We are frequently asked by employers about occupational health referrals for employees.
The questions we receive generally revolve around what should be included in a referral; when should it be done; and what if an employee refuses to consent to such a referral taking place.
In this ‘Ask the Expert’ briefing, we aim to provide some answers.
The first thing an employer needs to do when considering making a referral, is to obtain the employee’s consent to do so. In some cases, there may be a clause in the contract of employment which obliges the employee to give consent. The employer can simply discuss the purpose of the referral with the employee and remind the employee of the clause in the contract.
But what if there is no clause in the contract? In that case, the employer will have to obtain separate written consent.
Employees can, understandably, often be suspicious of an employer’s motives in making a referral. It is therefore important to have a discussion with the employee to explain the reasons behind the referral. A referral is most likely to happen in the course of a long term sickness absence, where the employer needs to understand the relevant medical diagnosis and, more importantly, the prognosis; but it can often happen when an employee isn’t currently absent from work, but there has been a pattern of sporadic short term absences which are a cause for concern.
It is worth remembering that an employee can withdraw consent at any time – right up to the point of the Occupation Health Report being issued. If that does happen, our advice is to have a one to one meeting with the employee and explain in very clear and unambiguous terms, why the Report is needed. Notes should be kept of that conversation. The employee should be left in no doubt that the referral is for the benefit of all concerned, so that any recommendations can be actioned.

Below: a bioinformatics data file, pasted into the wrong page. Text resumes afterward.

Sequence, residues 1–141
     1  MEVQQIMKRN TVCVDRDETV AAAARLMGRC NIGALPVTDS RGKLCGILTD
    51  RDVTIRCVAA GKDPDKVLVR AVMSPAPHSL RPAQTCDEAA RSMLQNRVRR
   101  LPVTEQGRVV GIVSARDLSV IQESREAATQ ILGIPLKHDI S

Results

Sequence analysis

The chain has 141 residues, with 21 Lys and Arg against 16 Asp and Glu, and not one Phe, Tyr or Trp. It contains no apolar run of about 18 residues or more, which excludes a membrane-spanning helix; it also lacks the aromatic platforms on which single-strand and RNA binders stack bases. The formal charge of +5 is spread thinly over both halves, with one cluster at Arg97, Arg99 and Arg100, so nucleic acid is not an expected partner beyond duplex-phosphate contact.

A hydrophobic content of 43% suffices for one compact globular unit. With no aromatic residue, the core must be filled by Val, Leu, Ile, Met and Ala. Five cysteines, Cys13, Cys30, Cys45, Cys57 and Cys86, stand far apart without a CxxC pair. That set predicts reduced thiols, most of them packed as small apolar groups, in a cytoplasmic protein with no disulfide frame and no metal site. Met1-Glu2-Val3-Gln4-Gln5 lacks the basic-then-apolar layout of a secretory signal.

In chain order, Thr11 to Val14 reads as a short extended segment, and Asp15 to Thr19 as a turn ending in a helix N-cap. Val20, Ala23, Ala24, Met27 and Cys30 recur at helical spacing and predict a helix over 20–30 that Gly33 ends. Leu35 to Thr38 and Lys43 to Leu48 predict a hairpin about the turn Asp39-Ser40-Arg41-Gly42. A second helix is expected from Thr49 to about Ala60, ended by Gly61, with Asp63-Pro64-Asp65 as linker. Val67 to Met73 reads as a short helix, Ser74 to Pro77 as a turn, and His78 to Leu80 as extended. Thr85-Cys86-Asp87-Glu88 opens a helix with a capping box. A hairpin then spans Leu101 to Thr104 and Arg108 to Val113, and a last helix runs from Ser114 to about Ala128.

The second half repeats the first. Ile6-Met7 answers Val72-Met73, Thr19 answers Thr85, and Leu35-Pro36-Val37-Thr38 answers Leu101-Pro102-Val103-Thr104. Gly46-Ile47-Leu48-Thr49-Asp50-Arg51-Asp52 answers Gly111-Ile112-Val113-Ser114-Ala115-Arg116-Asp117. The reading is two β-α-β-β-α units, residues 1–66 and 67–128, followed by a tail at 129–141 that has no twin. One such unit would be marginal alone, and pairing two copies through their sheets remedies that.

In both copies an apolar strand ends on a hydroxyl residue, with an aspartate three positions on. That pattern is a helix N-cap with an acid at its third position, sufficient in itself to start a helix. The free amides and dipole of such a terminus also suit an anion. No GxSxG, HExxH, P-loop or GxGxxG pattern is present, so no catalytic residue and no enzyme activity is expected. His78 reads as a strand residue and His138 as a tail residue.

If the employee still refuses to consent, then all an employer can do is make a decision on the basis of the information that’s available at that point in time.
On the assumption that consent is given, what should be included in a referral letter? It’s important to bear in mind that the occupational practitioner won’t know either the employee or the employer, so as much detail about the employee’s job and the business department they work in, will be necessary.
The letter should include details of the absences and ask specific, tailored questions of the practitioner. We can assist in the preparation of such a referral letter, tailored to the needs of your business.
And, finally the all – important question: timing. When should the referral be made? Our view is that the sooner the better in most cases, since that is likely to result in a better outcome for both the employer and employee.
This ‘Ask the Expert’ briefing is not a substitute for specific advice. Please do get in touch if you wish to know more.